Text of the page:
Consumers for the first time this year are paying more on average for a gallon of gasoline than they did 12 months ago, according to data released Tuesday.
The rising price of crude oil, which closed Tuesday at $79.55 a barrel, is putting pressure on gasoline prices.
The national average gas price has increased 6.8 percent during the past four weeks from $2.504 per gallon to 2.675 per gallon, according to AAA. The average gas price in Northwest Indiana is $2.683 a gallon, according to AAA. The average gas price in Chicago is $2.859.
Prices a year ago were $2.668 a gallon. At this time last year, however, gasoline prices were falling fast as the financial crisis on Wall Street spread to Main Street.
Patrick Dehaan, a petroleum analyst at GasBuddy Organization Inc., which tracks gasoline prices nationwide, said gasoline prices in the Chicago area are higher than the national average because there is little competition coupled with higher taxes. Gasoline taxes in Indiana are 50.1 cents a gallon. Gasoline taxes in Illinois are 57.9 cents a gallon and the city of Chicago adds another 12.75 cents.
"The cost of doing business is certainly a lot higher and they're passing on the higher cost to consumers," Deehan said.
James Beck, a petroleum expert at the Energy Information Administration., said the rising price of crude, which spiked roughly three weeks ago, is reflected in the increasing prices at the pump.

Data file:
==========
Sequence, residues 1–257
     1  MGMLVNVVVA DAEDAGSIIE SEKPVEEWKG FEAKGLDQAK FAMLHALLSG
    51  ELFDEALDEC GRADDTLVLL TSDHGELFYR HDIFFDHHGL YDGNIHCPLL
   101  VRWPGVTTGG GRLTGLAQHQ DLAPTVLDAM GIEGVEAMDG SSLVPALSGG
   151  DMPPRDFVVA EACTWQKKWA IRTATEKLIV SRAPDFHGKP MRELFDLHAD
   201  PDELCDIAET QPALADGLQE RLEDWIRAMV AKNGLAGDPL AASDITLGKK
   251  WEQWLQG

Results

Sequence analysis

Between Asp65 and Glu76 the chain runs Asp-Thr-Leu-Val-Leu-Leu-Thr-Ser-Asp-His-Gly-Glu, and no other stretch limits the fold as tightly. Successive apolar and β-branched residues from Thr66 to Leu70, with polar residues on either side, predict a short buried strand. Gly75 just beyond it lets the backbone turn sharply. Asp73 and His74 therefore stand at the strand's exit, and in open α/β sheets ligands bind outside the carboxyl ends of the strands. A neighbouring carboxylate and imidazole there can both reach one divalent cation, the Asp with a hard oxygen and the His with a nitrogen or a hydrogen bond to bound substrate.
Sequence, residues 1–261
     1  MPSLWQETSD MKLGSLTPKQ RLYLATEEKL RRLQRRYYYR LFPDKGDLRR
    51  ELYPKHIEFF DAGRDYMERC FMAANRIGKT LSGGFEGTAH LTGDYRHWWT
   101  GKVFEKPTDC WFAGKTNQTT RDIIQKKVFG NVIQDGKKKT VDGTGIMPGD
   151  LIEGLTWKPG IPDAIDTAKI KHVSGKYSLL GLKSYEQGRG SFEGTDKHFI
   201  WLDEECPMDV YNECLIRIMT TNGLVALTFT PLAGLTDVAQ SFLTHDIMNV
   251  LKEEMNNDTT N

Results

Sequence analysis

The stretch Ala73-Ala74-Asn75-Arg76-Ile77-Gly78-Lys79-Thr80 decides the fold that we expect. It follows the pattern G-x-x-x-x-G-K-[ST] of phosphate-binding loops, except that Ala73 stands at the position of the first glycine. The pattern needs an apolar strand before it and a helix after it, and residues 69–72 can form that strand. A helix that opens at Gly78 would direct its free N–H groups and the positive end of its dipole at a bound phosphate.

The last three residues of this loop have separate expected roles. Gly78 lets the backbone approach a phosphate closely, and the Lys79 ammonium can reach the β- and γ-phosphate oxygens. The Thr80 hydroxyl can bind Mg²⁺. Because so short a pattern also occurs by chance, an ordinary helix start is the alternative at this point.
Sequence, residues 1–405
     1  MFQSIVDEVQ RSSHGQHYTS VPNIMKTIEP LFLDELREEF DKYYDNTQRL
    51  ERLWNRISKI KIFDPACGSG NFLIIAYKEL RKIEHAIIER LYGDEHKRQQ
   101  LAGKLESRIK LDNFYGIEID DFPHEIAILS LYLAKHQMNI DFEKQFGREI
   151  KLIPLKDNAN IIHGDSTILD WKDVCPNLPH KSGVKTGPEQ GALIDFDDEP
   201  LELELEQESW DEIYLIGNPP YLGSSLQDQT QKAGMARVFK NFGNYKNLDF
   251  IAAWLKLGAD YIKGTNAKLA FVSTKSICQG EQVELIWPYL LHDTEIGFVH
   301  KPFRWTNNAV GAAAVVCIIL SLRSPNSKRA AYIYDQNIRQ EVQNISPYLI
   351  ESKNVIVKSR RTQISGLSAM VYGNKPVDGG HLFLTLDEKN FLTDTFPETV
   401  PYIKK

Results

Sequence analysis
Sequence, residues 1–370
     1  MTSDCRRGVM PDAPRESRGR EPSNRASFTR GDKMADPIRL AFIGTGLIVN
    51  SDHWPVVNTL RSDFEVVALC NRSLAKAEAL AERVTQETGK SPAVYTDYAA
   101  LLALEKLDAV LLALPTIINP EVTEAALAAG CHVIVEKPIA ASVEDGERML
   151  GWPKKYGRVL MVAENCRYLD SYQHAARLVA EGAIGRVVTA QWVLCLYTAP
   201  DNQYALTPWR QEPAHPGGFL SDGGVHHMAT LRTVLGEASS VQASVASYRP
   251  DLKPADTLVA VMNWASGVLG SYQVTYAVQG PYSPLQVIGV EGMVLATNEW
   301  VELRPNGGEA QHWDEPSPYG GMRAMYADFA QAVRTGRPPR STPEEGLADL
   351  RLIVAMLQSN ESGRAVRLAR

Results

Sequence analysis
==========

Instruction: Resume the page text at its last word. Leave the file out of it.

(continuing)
"The No. 1 factor pushing up the price of gasoline is the price of crude," he said. "Crude prices affect two-thirds of the price of gasoline. If crude goes up significantly you start to see gasoline go up."
Argus Research analyst Phillip Weiss said that the rising price of crude is driven largely by a weak dollar. Since crude is traded in dollars, investment in crude oil increases when the currency is weak.
The rising price of crude runs counter to economic fundamentals, Weiss said.
The abundant supply of crude coupled with weakening demand would typically drive down the price of crude.
"One of the big factors pushing up the price of gasoline is that more people are looking to oil as a financial asset and are willing to hold it in that form," he said.
Allen Good, a Morningstar Inc. analyst, noted that the rise in gasoline prices will soon be seen at the pump.
"The price of gasoline will go up in the next couple of weeks because there is generally a lag," he said. "Also refiners are cutting back, so you'll see a dent in supplies, which will cut into higher prices."
Dehaan said that there is a battle between weakening demand at refineries and spiked demand stemming from the perception of an improving economy.
"We keep seeing notable companies on the Dow Jones making earning reports that are really positive and that spurs traders to think that the economy's on the mend, even though there is kind of a conflicting picture with what's really going on," he said.
The Associated Press contributed to this report.